In Praise Of... The Wicker Man

To mark the death of legendary British horror actor Christopher Lee, we revisit Sam Parker's argument for why the role of his life was in the greatest horror movie of all time

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During its 60s and 70s heyday, films like Texas Chainsaw Massacre, The Exorcist, Halloween and Night of the Living Dead meant the horror genre was a place of genuine innovation and excitement.

Since then Hollywood has been recycling the same tropes for so long – the lunatic in the mask, the doomed teens on a road trip, the possessed children – our expectation of new horrors is that they will be riddled with clichés, and about as scary as a mug of pumpkin soup.

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There is a much-loved classic, however, that lazy filmmakers since have left curiously untouched (excluding one unmentionably atrocious remake in 2006), a film that did without the shadows and the spooky music and the body count today’s horrors come with as standard.

Robin Hardy’s The Wicker Man, made in 1973, follows the pious Sergeant Howie (Edward Woodward) as he departs the Scottish mainland to investigate an anonymous tip off about a missing child on the remote Summer Isle.

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There, he is appalled to discover a small community in the throes of paganism – an affront to his own devout Christianity – and sets about ordering them around and denouncing them as liars and heathens.

The supporting cast and extras – many of who were untrained locals from the island where The Wicker Man was shot – are marvellously unreadable as they quietly eyeball Howie, enduring his outbursts with infuriating indifference, luring him in like a pack of spiders.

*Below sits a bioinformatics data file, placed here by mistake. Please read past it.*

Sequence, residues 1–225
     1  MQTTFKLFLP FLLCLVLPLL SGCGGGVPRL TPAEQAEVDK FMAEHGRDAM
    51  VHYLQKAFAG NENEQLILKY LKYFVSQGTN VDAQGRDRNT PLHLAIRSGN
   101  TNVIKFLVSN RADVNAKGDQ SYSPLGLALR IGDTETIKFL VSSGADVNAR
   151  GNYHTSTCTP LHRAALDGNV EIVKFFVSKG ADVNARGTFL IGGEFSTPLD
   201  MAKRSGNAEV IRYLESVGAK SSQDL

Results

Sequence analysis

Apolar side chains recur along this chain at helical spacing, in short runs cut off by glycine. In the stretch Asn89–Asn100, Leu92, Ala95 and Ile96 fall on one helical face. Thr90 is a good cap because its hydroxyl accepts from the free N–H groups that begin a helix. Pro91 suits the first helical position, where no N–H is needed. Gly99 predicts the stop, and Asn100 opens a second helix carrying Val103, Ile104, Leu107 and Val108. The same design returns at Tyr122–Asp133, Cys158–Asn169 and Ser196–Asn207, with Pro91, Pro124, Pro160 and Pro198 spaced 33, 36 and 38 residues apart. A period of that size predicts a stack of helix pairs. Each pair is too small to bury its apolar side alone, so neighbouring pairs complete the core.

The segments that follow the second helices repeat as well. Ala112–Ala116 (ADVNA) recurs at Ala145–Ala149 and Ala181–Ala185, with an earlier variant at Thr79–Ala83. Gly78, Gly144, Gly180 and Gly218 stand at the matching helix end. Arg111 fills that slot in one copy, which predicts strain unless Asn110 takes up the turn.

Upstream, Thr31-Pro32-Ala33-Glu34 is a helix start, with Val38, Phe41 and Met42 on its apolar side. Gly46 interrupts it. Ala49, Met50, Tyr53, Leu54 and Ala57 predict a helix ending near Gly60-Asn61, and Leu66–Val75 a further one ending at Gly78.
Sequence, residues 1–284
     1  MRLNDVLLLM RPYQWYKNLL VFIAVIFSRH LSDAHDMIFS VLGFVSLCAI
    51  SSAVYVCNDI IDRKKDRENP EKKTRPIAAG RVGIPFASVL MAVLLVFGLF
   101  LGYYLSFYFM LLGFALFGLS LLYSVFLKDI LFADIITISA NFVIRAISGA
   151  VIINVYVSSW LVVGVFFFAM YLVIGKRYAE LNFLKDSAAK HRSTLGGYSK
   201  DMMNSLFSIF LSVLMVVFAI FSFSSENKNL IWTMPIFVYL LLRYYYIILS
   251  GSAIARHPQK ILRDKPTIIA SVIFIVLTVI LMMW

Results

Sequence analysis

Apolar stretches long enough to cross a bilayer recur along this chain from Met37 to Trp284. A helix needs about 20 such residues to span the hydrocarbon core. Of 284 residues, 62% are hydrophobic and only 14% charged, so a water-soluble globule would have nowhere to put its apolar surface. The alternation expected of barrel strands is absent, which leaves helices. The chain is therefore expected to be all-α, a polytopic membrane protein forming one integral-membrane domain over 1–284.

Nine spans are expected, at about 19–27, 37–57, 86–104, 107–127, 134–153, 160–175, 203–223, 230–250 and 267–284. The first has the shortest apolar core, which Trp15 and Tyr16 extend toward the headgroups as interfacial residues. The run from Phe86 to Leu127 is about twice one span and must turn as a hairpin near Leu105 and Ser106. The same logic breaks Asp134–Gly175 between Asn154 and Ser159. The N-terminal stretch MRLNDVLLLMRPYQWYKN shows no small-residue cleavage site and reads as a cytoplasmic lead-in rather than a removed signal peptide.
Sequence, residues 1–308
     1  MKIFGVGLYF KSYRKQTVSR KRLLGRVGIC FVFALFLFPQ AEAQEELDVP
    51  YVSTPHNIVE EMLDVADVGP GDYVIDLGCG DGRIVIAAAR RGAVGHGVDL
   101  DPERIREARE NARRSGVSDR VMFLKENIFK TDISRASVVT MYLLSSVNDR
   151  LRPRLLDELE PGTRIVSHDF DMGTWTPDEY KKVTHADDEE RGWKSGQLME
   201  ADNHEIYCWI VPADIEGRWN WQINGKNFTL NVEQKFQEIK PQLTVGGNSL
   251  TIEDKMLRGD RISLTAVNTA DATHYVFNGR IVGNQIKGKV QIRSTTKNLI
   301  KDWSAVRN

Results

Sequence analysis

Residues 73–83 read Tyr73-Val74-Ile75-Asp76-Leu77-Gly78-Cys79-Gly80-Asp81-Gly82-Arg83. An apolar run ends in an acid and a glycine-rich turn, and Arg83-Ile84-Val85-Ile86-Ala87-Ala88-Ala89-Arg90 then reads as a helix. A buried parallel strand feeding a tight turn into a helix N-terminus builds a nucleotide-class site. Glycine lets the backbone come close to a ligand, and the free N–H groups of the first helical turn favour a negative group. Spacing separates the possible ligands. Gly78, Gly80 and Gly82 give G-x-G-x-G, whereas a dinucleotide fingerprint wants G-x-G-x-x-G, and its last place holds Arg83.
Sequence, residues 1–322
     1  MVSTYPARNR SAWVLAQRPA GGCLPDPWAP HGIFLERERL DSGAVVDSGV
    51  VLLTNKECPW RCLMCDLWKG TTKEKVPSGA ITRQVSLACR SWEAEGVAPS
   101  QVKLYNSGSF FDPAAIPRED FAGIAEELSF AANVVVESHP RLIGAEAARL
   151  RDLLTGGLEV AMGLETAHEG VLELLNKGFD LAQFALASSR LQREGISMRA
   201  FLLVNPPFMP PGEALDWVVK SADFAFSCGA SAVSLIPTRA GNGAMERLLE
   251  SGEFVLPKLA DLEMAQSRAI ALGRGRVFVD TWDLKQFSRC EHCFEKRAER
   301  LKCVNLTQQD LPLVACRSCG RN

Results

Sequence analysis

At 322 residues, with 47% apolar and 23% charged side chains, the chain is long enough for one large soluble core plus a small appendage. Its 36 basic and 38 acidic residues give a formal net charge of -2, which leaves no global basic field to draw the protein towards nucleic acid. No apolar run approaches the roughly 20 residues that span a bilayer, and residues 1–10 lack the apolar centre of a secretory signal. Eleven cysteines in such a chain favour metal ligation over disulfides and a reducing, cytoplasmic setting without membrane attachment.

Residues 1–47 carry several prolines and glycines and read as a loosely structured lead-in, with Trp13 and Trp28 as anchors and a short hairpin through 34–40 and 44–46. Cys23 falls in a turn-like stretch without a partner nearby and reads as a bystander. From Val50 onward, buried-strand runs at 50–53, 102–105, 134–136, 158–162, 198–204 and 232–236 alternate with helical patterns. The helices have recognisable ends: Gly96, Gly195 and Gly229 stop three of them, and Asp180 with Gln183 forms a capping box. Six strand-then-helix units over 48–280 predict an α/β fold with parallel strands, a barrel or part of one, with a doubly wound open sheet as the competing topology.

For what the Sergeant eventually realises is that he has been enticed to Summer Isle under false pretences, and that the island is planning a human sacrifice to appease their false gods – him.

The Wicker Man features one of the all-time great original movie scores, a mix of traditional folk songs, nursery rhythms and bawdy ballads that are all beautifully melodic with the smallest undercurrent of menace, giving the film its unsettling atmosphere.

It’s just one of many ways The Wicker Man deviated from the horror movie formula of its time, or any time since.

This, after all, is a horror film shot almost entirely in sunshine, where the closest thing to a bogeyman – Christopher Lee’s magnificent eccentric Lord Summerisle – prances around in beautiful orchards and sings cheerfully at a piano.

Where the protagonist is not a beautiful or noble hero doomed to struggle against an evil force but an uptight, sententious, unlikeable policeman.

And where the only scene of real violence is withheld until the final five minutes when, forced into a giant wicker cage, Sgt. Howie watches with horror as the entire community locks arms, sings and watches him slowly burn to death.

He lets out a blood-curdling "Oh God no! Please God no!", but it’s hopeless. There is to be no mercy from the people he’s spent two days patronising and decrying as godless. For them, this is a moment of joy, their faith just as unshakeable as his.

It’s one of cinema’s great final scenes – a horror twist that is both psychologically chilling and visually harrowing. But is only so shocking and effective because of what precedes it: no screams, no tense walk through the shadows, no things that make you jump in the night. Just scenes of slowly accumulating dread and confusion, jauntily scored and bathed in blinding sunlight.

Forty years on, The Wicker Man is still one of the most unique, atmospheric and unnerving horror movies ever made. But perhaps most telling is the fact no other film looks or feels anything like it. Even in these cynical times, people know better than to try and copy its strange magic.